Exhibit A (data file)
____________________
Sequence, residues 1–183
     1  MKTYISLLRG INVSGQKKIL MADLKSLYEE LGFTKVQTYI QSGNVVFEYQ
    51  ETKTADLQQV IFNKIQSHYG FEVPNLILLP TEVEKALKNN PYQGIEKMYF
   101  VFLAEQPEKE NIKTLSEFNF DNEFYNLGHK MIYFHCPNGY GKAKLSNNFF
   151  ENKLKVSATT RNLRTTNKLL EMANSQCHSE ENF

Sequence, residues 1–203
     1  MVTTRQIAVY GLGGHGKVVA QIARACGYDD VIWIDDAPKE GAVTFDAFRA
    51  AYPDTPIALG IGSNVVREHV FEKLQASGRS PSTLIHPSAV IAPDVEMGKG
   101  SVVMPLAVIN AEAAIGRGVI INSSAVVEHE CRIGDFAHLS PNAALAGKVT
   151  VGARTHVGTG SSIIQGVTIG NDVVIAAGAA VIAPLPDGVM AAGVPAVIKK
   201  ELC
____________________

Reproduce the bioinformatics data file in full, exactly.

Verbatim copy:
Sequence, residues 1–183
     1  MKTYISLLRG INVSGQKKIL MADLKSLYEE LGFTKVQTYI QSGNVVFEYQ
    51  ETKTADLQQV IFNKIQSHYG FEVPNLILLP TEVEKALKNN PYQGIEKMYF
   101  VFLAEQPEKE NIKTLSEFNF DNEFYNLGHK MIYFHCPNGY GKAKLSNNFF
   151  ENKLKVSATT RNLRTTNKLL EMANSQCHSE ENF

Sequence, residues 1–203
     1  MVTTRQIAVY GLGGHGKVVA QIARACGYDD VIWIDDAPKE GAVTFDAFRA
    51  AYPDTPIALG IGSNVVREHV FEKLQASGRS PSTLIHPSAV IAPDVEMGKG
   101  SVVMPLAVIN AEAAIGRGVI INSSAVVEHE CRIGDFAHLS PNAALAGKVT
   151  VGARTHVGTG SSIIQGVTIG NDVVIAAGAA VIAPLPDGVM AAGVPAVIKK
   201  ELC